Could limiting food intake be a valid treatment strategy for certain types of cancers? New research in The FASEB Journal suggests "maybe." In a report appearing online in The FASEB Journal, scientists show that food restriction increases levels of a tumor-suppressing molecule, called p53, in both hepatocytes grown in the laboratory and in mouse liver. In addition, this research gives evidence that p53-induction is required for the fasting-induced adaptation of nutrient metabolism.
"Metabolic diseases and cancer are major health burdens in our societies," said Andreas Prokesch, Ph.D., study author and Associate Professor at the Institute of Cell Biology, Histology, and Embryology at the Medical University of Graz in Graz, Austria. "We hope that our study will yield new therapeutic concepts to fight these diseases."
To make their discovery, Prokesch and colleagues first determined the abundance of p53 protein in the livers of mice with free access to food compared to mice that had food withheld for 24 hours. They found that there was a strong induction of p53 protein in the livers of the mice that had undergone food withdrawal. This p53 accumulation was also observed in cultured mouse or human hepatocytes upon the removal of nutrients from their culture media. The researchers then compared blood glucose and amino acid utilization in the livers of mice with or without acute inactivation of the p53 gene. Mice that lacked p53 in the liver showed reduced blood glucose levels and altered hepatic amino acid metabolism during starvation.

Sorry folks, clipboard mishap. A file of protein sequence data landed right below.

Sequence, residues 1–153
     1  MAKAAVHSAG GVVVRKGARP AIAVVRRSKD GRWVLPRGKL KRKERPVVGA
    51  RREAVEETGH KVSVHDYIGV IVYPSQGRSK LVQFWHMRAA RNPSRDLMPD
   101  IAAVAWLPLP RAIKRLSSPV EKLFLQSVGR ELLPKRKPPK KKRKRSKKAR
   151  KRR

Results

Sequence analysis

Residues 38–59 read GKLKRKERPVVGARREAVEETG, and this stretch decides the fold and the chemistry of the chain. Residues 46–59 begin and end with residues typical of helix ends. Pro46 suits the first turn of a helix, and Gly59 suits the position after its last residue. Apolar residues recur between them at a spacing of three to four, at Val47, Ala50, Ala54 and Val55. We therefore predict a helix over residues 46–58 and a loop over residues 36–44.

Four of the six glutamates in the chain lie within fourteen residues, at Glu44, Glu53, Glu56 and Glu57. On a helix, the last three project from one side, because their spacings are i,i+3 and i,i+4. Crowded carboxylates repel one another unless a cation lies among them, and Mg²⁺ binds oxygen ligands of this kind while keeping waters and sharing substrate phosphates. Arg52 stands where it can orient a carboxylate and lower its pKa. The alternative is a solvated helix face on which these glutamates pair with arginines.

"Connections between nutrients and tumor suppression have long been known, but this study adds a sharp focal point," said Thoru Pederson, Ph.D., Editor-in-Chief of The FASEB Journal. "The altered amino acid metabolism observed is especially provocative, as that is a rapidly emerging area of interest in tumor biochemistry."
Source: Federation of American Societies for Experimental Biology